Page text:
Published November 17, 2014
A California man who worked for a semiconductor company was arrested on insider trading charges Wednesday in a probe of expert networking firms that help funnel inside information to hedge funds.
Stanley Ng was arrested at his home in Cupertino, Calif. He was charged with one count of conspiracy to commit securities fraud and wire fraud.
Authorities say Ng worked since 2002 at Santa Clara, Calif.-based Marvell Technology Group Ltd. as its manager responsible for ensuring federal securities laws were followed. They said he reported information to the Securities and Exchange Commission.
"Incredibly, the person designated the 'SEC Reporting Manager' for Marvell was allegedly using his special access to non-public information to violate the very federal securities laws he was supposed to be assuring compliance with," U.S. Attorney Preet Bharara said in a statement.
Ng and his co-conspirators, Bharara said, "traded inside information as casually as some people trade baseball cards."
Marvell was not accused of any crime. A message left with Ng's lawyer on Wednesday was not immediately returned.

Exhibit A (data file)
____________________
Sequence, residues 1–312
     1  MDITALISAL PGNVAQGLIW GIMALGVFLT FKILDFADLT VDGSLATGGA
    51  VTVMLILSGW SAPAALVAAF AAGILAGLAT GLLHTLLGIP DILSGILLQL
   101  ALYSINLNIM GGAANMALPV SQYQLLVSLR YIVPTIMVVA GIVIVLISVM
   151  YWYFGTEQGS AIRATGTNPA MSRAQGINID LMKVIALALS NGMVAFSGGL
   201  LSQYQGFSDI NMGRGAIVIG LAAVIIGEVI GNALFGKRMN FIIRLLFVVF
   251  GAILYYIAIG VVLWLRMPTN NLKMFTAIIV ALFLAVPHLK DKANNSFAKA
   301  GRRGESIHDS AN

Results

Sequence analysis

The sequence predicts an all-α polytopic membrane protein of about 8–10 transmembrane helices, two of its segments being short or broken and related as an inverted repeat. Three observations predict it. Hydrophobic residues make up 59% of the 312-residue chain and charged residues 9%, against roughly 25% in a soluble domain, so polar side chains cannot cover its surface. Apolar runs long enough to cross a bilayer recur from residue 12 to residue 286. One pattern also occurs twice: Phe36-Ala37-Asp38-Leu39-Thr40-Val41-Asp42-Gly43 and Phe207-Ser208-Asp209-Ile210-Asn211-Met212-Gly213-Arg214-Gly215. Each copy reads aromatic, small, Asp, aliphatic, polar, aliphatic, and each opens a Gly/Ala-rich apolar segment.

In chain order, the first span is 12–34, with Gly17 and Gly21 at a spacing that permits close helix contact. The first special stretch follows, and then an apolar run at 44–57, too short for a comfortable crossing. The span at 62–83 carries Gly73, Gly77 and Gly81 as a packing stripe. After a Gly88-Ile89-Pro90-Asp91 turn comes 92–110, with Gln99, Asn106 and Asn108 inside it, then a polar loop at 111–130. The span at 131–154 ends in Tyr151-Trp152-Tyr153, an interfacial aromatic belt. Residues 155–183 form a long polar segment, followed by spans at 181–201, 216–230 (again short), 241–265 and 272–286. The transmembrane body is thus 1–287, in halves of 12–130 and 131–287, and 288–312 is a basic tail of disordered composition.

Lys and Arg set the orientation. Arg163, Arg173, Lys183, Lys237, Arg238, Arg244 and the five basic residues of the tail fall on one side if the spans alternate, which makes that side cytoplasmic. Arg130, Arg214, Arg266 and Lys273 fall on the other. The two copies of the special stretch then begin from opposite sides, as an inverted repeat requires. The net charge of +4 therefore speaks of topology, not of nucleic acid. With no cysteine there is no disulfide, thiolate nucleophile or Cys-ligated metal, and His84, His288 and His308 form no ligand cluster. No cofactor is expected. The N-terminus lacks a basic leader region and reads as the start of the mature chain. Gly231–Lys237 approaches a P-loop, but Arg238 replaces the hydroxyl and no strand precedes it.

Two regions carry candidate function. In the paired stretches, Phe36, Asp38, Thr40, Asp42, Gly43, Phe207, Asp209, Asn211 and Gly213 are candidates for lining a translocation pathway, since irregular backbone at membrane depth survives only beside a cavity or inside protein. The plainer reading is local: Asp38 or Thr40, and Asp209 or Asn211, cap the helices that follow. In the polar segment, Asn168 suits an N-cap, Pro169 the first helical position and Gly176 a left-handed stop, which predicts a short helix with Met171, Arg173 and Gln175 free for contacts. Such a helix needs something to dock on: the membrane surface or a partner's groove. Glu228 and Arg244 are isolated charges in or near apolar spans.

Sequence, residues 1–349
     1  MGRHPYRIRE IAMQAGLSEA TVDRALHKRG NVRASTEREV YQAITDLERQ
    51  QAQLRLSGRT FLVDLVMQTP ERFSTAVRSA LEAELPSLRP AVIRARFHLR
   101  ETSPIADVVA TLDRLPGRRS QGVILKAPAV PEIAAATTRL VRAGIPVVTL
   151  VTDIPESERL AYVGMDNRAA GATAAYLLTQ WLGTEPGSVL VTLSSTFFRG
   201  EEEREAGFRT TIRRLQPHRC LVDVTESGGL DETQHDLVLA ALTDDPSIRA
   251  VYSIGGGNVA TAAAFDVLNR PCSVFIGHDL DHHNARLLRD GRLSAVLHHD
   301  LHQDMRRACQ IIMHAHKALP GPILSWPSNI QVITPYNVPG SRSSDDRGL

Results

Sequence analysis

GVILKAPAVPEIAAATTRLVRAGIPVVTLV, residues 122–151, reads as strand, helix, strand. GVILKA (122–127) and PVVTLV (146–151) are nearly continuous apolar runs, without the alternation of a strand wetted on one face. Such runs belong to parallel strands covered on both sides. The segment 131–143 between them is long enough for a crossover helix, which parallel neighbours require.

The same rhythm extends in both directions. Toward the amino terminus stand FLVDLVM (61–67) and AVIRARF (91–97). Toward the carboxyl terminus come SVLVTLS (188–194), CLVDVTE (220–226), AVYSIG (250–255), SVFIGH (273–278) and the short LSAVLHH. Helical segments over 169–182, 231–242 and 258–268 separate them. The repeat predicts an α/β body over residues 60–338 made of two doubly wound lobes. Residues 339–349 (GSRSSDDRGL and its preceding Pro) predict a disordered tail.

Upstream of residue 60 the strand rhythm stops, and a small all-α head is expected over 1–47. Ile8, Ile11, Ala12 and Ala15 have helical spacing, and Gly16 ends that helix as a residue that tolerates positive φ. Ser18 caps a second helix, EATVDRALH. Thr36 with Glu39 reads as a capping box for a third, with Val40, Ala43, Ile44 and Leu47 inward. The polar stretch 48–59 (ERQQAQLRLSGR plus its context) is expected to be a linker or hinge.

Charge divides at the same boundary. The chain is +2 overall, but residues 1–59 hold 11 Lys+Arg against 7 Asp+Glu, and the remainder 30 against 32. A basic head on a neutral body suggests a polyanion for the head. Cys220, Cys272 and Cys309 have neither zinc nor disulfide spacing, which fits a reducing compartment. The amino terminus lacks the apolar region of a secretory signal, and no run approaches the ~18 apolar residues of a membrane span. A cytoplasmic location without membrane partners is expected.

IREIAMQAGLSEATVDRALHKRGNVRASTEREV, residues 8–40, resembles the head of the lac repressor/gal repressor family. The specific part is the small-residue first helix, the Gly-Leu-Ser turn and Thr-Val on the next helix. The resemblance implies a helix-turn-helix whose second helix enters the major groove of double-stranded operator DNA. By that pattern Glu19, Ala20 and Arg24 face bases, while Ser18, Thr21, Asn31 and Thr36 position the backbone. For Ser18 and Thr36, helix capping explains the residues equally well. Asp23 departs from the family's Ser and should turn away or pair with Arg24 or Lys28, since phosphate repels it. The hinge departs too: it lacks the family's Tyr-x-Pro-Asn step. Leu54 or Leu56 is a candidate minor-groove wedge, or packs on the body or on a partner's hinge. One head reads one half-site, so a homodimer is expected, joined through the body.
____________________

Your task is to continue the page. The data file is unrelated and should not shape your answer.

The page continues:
Ng was accused in court papers of providing inside information to Winifred Jiau, who was convicted in June of conspiracy to commit securities fraud and wire fraud. Her trial was one of the first to result from a government crackdown of Wall Street middlemen suspected of peddling inside information as if it were legitimate research.
Jiau, of Fremont, Calif., was among 13 people arrested last year on charges that she conspired to accept cash and gifts to feed inside information to hedge funds. Most of the other defendants have pleaded guilty. Jiau is awaiting sentencing.
Jiau worked for two years as a consultant for Primary Global Research, a Mountain View, Calif.-based company.
A criminal complaint filed in federal court in Manhattan said Ng was recruited to join an "investment club" with Jiau and agreed to provide inside information regarding Marvell. Authorities said Ng provided detailed, secret information about Marvell's financial results in May and August 2008.
Authorities said Jiau sold the information to portfolio managers at hedge funds. A defense attorney argued that a hedge fund manager-turned-cooperator made his trades based on research supplied by high-priced analysts rather than anything provided by Jiau.